Saturday, September 03, 2005

The Difficult Kind

My first impulse on seeing Sheryl Crow in a gold lamé minidress was to, uh, eat crow.

There she was at the Grammys a couple of years ago, when I still played the guitar and imagined myself a Grammy recipient (twenty years on the road and I still can't write a song), Sheryl Crow, Lance Armstrong's partner (how I hate him for taking my chick!), Sheryl Crow all Ho'd up like everybody else with no sign of the little genius that hides within.

This was no AM station fodder from back in the old days when most AM stations played rock instead of talk, vintage songs all a-bubbly with Budweiser beer buzzes, of following the sun, stuff out of Sheryl's Planet album of love and loss, especially The Difficult Kind, a heart-wrencher to this day.

Sheryl Crow seeming diminutive in her Dolce&Gabbana pants and way over- the- top heels, accompanied by Shelby Lynn, herself beautiful as an Appalachian stream. Two women with two guitars, unplugged, but electric all the same in a sound like two angels coming on a melodically tight line. This is what the best of American talent sounded like before the horror of Sept. 11. And this was what American talent would sound like too, just after the tragedy, all the best musicians, pop and country, standing up to support the country to show beauty and grace under incredible pressure.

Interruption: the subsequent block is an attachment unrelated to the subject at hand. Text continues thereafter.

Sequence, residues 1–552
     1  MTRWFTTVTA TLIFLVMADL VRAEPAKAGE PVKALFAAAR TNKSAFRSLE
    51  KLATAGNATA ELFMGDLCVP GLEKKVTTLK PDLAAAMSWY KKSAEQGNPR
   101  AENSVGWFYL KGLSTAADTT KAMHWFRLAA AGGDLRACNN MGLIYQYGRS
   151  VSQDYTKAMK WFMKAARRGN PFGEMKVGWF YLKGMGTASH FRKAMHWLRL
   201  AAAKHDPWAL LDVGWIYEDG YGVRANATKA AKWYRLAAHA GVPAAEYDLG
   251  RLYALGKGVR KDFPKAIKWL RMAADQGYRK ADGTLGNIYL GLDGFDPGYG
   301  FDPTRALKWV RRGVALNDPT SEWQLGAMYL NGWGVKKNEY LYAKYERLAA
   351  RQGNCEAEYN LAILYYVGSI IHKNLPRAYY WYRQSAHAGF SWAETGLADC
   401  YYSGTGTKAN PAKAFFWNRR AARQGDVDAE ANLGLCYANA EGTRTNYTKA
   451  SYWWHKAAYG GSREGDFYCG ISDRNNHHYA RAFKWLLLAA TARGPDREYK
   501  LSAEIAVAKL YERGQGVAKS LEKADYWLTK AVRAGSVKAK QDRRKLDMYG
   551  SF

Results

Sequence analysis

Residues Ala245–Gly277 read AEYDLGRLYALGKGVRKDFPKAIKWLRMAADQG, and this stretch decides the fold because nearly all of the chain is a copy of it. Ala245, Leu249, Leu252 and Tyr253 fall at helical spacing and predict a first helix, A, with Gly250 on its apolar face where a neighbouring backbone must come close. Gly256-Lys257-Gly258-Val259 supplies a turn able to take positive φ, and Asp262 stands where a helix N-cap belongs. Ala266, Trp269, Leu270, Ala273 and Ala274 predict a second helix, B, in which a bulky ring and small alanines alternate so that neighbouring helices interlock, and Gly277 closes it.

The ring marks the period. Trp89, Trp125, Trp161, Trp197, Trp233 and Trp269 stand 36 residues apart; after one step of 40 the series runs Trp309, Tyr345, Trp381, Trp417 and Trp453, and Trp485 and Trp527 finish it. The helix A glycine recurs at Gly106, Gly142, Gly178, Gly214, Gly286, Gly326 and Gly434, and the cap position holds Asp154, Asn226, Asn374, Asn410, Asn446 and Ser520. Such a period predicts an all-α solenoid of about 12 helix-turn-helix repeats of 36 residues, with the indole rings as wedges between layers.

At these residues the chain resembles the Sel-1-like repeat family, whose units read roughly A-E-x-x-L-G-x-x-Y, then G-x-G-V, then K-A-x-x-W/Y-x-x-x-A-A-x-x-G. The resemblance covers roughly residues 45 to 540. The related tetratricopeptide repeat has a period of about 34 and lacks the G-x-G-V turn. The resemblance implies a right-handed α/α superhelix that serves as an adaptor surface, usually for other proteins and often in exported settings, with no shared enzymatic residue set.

Do not give up on America. The best songs come ouf of the Mississippi Delta, now so awash, bodies floating in the streets, people begging and dying while officials lie like sidewalks. And yet all that debris and detritus, those tin shacks stuck against the trees were the spawning grounds of the best music out of modern times.

Have you seen today's Mississippi? It is not a river, it is nearly an ocean, a Lake Erie down there in Louisianna, Lake Ponchatrain joined with the river , the city a lake too, all of it forming Atlantis as in Plato's vision, years before Christ.

Yes, the beautiful "Ho's" with their stunning talents will be back, back to rouse the nation and offer hope, all the Gwen Stefanis and Shelby Lynns and Sheryl Crows and Faith Hills. I will wager that even Avril Lavigne, who sounds French, will be there.

Mark my words. The beautiful ladies of song will yet reverse this tragedy. You'll hear angels singing.